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One of These Days & Thee Heavy Random Tone Colour Lab, Spain

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One of These Days & Thee Heavy Random Tone Colour Lab - A Peaceful Nacht in Hell. 2013 private. LP only

One of These Days & Thee Heavy Random Tone Colour Lab, a band that is certainly in contention for longest group name, is a new space rock / retro prog band from Spain. Specifically they are from A Coruña, located in the far northwest province of Galicia. Now that blew a cobweb off a brain cell, and sure enough, another space rock band came from the exact same town nearly 20 years ago: Kozmic Muffin. Who remembers them? They were one of the bright lights of the mid 90s psychedelic progressive scene. Not sure if One of These Days has any personal relationship with the group, but obviously the region has a propensity towards space rock acts. And there are some similarities in their music.

File One of These Days into the camp that believes music had no reason to go past 1975. You won't get much of an argument from me on that front. The all-analog instrumentation, composition style, and vinyl-only release - in a gatefold cover with lyrics and recording details of course - all point to 1971. Nektar's "Journey to the Centre of the Eye" or Pink Floyd's 'Atom Heart Mother' suite will certainly set your expectations correctly. The latter right down to the use of a Euphonium. Other modern day (lol) instrument call-outs include Farfisa Compact Duo, Vox Continental, Hammond Porta B, Minimoog D, fuzz bass, theremin, hurdy-gurdy... oh you get the idea. There is only one track, broken into 4 movements, split evenly across both sides of the vinyl with sub titles such as 'Nexus 2CBeautiful Things (including "Gurls & Chloroform")'. Peter Sinfield will be happy to know his legacy is secured. All the right ingredients are in play, and this is clearly a band with their atom heart in the right place. So it's perfect then? Well, no, but it's a great debut. I think the band could work more on the compositions themselves, and perhaps not rely solely on the same music that was created with these instruments 40 years ago. The beauty of the original early 70s movement is that it was way too short of a time frame to fully explore all the possibilities. And while numerous bands of the last 25 years have tried, there are still millions of possibilities. Especially when you load your studio up with only pre-1976 gear. In fact the biggest surprise came from the sequencer use on the 'Nexus...' track mentioned above - that seemed plucked more from Tangerine Dream's "Phaedra" rather than "Dark Side of the Moon". It provided an excellent contrast to the full band performance and psychedelic guitar soloing. I think it's something Edgar Froese would have enjoyed (back then anyway).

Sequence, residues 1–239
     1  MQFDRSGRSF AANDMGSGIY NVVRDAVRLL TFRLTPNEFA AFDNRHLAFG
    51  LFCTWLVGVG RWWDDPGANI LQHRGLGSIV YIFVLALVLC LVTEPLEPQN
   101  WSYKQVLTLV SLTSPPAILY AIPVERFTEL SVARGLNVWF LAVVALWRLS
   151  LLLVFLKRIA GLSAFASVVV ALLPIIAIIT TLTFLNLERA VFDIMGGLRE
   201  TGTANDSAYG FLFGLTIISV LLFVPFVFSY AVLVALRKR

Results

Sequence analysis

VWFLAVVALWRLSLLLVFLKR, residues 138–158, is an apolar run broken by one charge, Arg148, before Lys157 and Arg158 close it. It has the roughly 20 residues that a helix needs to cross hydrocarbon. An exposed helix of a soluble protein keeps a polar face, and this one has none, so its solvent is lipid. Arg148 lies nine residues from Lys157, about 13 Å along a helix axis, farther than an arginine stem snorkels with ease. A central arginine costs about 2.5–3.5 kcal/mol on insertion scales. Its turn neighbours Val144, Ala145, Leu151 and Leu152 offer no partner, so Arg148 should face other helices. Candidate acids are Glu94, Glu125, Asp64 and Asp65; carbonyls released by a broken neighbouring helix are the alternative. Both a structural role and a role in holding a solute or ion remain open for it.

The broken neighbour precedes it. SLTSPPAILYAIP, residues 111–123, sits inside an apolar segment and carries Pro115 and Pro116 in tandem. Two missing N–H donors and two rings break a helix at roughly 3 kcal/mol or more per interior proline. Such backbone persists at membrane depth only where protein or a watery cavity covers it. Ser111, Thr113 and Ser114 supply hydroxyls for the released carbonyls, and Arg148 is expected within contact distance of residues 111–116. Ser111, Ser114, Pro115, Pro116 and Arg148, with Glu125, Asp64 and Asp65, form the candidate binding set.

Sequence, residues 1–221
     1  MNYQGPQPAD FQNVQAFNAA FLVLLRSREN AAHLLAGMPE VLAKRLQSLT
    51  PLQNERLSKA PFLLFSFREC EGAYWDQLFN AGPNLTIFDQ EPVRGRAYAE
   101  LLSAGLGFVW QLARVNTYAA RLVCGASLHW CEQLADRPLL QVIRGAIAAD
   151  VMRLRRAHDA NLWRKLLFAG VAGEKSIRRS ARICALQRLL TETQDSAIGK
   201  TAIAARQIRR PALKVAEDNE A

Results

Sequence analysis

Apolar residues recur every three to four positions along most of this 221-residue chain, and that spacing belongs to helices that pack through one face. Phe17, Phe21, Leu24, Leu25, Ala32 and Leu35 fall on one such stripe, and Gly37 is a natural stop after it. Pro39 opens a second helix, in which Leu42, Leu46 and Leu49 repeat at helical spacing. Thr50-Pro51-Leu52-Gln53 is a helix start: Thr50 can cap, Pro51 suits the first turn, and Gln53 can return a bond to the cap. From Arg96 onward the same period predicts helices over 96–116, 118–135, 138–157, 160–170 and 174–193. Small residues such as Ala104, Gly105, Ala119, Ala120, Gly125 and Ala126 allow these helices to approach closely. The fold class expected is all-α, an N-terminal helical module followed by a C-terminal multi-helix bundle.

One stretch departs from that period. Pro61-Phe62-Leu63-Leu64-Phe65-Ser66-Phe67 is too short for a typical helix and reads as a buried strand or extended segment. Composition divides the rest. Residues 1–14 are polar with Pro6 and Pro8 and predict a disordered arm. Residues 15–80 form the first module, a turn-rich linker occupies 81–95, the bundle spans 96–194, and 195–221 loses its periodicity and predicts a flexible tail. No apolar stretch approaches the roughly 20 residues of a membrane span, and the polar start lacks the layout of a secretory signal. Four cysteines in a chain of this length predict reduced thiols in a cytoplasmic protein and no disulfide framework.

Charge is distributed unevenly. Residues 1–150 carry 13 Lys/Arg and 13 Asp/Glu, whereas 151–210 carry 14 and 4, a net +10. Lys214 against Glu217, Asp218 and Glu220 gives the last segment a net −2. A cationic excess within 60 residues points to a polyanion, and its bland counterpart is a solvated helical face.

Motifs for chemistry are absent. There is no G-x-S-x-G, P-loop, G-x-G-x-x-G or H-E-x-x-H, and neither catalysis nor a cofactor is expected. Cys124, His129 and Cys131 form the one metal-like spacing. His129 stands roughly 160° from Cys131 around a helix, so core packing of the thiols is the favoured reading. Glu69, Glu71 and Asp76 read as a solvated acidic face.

So, in the end, we have a very exciting development. Let's see if they do more with the concept!

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